You’ll be tasked with a variety of goals from mission to mission, but the maps tend to be exploration-heavy and encourage you to split up your forces, a dangerous proposition that pushes you away from turtling up and increases the excitement of the game. The focus on having you move around also makes it harder to defend any nodes you’ve secured. You never quite have enough muscle to go around, which can lead to some pretty wild situations at times. The more quickly and efficiently you clear a mission, the more requisition points you’ll earn. You’ll want as many of these as possible, I assure you. Given the relatively large number of missions in the game, I’m quite impressed with the scenario designs. There’s a good mix on display here, and very few duds. The terrain isn’t just superficial, either. Certain points on the map will offer greater protection from attacks, or offer you an attack bonus. It’s great if you can take advantage of those points with your squad, but it’s even more important to keep the enemy from using them.
Now, about those requisition points. Between missions, you’re able to play around with your squad a bit. If they’ve earned enough experience points to level up, you’ll have some points to assign to various stats, skills, and so on. You might also have some gear points to allocate to improve their equipment. The requisition points, however, benefit your whole squad rather than specific members. There’s a giant tree of improvements, new abilities, and even new types of Knights to open up with those points you’ve earned. You’re not going to have enough of them to unlock everything, so you’ll have to make some important choices about how you want your squad to develop. It’s enough to make a strategy fan’s heart go aflutter, but it’s also presented in a clear and straightforward enough way that it shouldn’t scare a newcomer too much. Between all of the different ways you can customize your team, it’s pretty unlikely any two players are going to end up with similar teams by the end of the game.
Having reviewed a couple of games from the Trese Brothers before, two things have always stood out to me. First, their games are typically very rough when they launch. Second, I’m not sure I’ve seen any developer push out updates as frequently and numerous as they do, which often goes a long way towards alleviating the former issue. Well, I’ve no doubt the Trese Brothers will do their usual job updating this game, since they’ve already got at least one in the queue with Apple as I write this. The more surprising thing this time around is just how polished this initial release is. Even the visuals, which in Trese games have always looked a little amateur, turned out great here. It’s not in spiffy 3D like Warhammer 40K Deathwatch ($1.99), but its detailed 2D art is a big step above what we’ve seen from this developer before.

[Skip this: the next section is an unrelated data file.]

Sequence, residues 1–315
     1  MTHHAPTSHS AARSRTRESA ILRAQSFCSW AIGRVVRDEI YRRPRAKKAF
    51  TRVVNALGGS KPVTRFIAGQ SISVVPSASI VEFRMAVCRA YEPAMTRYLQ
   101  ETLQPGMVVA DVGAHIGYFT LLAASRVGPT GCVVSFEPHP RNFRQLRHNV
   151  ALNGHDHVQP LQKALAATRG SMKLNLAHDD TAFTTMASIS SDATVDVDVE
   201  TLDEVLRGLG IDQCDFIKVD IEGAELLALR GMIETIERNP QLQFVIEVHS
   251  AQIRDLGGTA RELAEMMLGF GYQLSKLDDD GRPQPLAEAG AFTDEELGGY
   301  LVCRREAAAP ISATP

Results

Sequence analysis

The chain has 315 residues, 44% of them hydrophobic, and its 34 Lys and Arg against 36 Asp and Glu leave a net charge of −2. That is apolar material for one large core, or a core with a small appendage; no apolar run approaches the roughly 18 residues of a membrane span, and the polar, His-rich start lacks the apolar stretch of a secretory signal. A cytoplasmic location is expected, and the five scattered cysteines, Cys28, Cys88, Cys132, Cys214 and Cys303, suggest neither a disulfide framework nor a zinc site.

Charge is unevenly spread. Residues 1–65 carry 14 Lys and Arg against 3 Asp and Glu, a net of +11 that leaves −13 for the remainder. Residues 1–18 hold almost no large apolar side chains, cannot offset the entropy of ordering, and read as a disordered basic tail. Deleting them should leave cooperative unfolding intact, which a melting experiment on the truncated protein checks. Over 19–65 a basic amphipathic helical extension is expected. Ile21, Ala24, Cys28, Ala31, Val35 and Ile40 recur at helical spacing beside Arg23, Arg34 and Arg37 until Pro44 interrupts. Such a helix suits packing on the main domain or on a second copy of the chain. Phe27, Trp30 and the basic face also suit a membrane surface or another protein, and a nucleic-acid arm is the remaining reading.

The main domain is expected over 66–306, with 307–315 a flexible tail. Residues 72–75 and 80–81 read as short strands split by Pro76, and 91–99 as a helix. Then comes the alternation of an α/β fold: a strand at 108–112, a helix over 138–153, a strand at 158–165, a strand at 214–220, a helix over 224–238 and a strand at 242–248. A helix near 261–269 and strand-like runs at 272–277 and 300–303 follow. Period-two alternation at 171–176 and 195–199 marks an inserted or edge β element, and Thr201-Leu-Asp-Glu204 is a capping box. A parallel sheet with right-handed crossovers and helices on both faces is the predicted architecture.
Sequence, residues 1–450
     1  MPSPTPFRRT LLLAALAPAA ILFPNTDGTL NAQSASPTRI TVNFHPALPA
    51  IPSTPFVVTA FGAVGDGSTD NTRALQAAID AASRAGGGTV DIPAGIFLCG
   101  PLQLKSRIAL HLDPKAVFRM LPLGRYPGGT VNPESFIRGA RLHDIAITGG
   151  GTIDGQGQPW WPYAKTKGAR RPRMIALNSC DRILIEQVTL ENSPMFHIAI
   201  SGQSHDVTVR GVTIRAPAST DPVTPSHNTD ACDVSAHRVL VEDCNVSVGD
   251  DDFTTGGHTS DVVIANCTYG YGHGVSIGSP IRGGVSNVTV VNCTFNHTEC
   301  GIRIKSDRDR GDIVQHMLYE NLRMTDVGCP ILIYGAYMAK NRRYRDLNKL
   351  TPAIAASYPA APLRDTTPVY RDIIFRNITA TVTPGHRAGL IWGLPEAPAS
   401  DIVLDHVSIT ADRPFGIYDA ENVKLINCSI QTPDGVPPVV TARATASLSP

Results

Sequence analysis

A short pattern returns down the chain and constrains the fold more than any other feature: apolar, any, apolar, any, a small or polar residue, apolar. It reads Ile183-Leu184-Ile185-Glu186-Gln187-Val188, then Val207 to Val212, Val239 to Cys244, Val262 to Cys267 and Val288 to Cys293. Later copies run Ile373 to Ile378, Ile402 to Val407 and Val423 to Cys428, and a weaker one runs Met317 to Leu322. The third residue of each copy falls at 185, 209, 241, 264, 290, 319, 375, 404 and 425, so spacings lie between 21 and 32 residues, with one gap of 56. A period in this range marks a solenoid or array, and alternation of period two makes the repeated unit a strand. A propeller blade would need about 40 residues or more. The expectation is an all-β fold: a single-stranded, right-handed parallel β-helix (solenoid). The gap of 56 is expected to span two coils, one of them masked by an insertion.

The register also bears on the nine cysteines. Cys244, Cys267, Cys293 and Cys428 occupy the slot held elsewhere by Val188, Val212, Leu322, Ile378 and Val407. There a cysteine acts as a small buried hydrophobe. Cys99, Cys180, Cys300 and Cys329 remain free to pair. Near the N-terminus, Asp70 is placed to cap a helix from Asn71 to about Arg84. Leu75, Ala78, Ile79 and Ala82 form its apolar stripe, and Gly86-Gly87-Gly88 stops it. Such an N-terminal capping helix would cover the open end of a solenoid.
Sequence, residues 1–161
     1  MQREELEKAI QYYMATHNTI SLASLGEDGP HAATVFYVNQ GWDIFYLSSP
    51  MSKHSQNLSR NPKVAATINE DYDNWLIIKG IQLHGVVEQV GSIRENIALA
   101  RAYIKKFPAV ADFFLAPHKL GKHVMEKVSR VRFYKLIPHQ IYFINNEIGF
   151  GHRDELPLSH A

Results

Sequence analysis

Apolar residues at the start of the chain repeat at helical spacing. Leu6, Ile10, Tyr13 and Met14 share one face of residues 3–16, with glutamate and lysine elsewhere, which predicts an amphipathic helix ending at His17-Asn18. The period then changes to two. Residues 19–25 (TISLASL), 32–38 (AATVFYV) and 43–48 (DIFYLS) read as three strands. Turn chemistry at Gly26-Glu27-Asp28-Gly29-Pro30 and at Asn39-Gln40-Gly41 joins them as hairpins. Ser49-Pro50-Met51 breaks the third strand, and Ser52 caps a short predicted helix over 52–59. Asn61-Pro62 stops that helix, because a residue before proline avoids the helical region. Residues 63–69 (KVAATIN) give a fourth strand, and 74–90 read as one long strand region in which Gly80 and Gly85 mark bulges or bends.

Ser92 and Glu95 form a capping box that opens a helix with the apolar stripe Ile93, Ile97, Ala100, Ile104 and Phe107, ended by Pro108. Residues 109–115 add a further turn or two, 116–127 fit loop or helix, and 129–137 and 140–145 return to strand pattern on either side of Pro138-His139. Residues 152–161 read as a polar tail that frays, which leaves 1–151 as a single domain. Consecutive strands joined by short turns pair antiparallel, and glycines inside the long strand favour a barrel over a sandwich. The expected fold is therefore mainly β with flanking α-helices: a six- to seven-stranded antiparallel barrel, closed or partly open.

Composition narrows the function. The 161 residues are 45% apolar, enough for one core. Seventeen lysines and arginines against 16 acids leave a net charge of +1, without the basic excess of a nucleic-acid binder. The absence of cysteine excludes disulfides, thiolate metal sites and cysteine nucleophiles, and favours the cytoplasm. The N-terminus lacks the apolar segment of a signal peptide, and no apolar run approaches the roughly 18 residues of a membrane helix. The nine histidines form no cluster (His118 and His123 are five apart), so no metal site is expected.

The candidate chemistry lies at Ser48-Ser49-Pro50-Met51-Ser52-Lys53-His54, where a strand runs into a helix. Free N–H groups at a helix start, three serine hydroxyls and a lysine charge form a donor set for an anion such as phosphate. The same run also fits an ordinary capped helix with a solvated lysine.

I also like how considerate of the player Templar Battleforce is in general. There are several different difficulty settings, accommodating players ranging from people who enjoy a casual experience all the way up to the hardcore players who drink permadeath like fine wine. The great thing is, the game is perfectly transparent about what each difficulty setting brings to the table, so you don’t have to try to guess by vague descriptions. For players who worry about making bad decisions developing their characters, the game allows respecs so that you can reassign points. Explanations for just about everything are right at the tip of your fingers, and you can skip any and all explanations and story sequences, if you’d prefer. If you’re starting a new game, you can choose to skip the initial set of tutorial missions so that you don’t have to replay the slower stuff each time. The enemy turns, a usual sticking point in strategy games, are relatively quick and apparently about to get quicker when the next update hits. It’s all very thoughtfully designed.
That’s not surprising for the Trese Brothers, however. I always get the impression that they’ve carefully planned out the details of each of their games. But I feel like this is the first time where the initial execution has matched that design effort for this team, and the results are simply fantastic. Templar Battleforce is an easy recommendation to any strategy fan, even if the setting doesn’t do much for you. If you are into this type of space-faring ooh-rah, on the other hand, you’re going to be on cloud nine.